The same types of analytical tools can be helpful for creating marketing content that is tailored to the needs of individual customers. Predictive analysis allows insurers to create different marketing campaigns that can then be targeted to different groups of customers.

Customer service can also be customized to individual needs through self-service channels like virtual assistants and online chatbots. If the AI tools are fed the information from the right documents, it can synthesize it and provide straightforward answers to questions from buyers.

Analyzing market trends through AI can also allow insurers to create and offer more innovative products and services.

Fraud Detection and Security

Generative AI could prove incredibly useful in claims processing. Because of its ability to detect anomalies, it can alert insurers when there is potential fraud in claims. It can also accelerate claims processing, saving operational costs and improving efficiencies.

In addition, blockchain and generative AI can enhance security in claims processing—however, there are also some security and privacy concerns with using AI to analyze customer data, so it is important to use it safely and ethically.

Challenges to Adopting Generative AI

First, it is crucial that your business’ use of AI complies with policy and regulations. This is challenging considering how these policies are rapidly changing as the technology develops into unprecedented territory. It may not always be clear right away if a certain AI tool complies with the law.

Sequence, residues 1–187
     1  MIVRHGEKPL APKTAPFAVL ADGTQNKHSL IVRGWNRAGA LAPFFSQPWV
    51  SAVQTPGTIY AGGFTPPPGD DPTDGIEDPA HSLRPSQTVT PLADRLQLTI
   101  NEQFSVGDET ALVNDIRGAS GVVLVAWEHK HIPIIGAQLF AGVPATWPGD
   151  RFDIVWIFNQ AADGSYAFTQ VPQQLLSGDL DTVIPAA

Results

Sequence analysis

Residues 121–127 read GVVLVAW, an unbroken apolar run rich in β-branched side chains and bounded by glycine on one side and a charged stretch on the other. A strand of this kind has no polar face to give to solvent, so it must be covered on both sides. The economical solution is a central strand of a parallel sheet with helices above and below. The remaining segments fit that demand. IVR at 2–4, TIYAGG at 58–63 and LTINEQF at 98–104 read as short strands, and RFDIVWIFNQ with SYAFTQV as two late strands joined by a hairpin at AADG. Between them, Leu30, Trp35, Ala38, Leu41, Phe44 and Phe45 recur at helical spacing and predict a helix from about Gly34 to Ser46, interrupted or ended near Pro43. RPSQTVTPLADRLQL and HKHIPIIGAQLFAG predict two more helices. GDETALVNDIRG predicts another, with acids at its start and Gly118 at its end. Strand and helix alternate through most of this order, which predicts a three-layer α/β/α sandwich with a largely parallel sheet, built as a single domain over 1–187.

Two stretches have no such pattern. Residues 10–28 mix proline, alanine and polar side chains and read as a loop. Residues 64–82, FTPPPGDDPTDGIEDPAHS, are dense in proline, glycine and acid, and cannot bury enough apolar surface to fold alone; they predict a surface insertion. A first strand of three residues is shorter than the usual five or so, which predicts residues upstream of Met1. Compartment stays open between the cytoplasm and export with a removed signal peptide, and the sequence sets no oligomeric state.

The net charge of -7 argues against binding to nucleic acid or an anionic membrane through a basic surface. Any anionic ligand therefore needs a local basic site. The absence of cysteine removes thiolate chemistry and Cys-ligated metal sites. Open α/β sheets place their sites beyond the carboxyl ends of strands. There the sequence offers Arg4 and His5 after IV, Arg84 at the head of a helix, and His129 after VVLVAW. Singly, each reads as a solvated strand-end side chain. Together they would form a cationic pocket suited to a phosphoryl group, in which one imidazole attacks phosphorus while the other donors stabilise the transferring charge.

Second, even if it does comply with current legal regulations, it’s important to consider the ethics. The laws surrounding AI can’t always keep up with data privacy concerns. Businesses must ensure that they can protect the privacy of their customers while using AI, and they should always obtain consent from customers to use their data in predictive analysis tools.

AI tools also can experience what’s called training bias. These tools learn from being “fed” data. If the data they are fed is not from diverse datasets—or if these sources and datasets hold biases, whether intentional or not—the AI can become discriminatory.

On this note, another challenge is that training AI requires high-quality data—and a lot of it. Many insurers may not have access to this amount or quality of datasets to feed the AI. Building the AI tool to its fullest capacity will also take time and significant supervision—it’s just like hiring a new employee. To ensure the training is done properly, insurers may need to employ a team of IT specialists, data scientists, and other experts.

Lastly, there is value in real human-to-human interactions, and in this realm, AI is obviously lacking. Customers may feel a lack of empathy when communicating with a virtual assistant or chatbot in comparison to a real person. This is important to consider when switching to generative AI tools.

There are a lot of AI tools and solutions being announced and marketed right now, and that trend is likely to continue throughout 2024. It will take a lot of research and sifting to find the right tools for your company. Likely, it will be best practice to combine multiple AI technologies when automating your business practices, instead of relying on just one. However, concerns of privacy, bias, empathy, and cost effectiveness must first be addressed.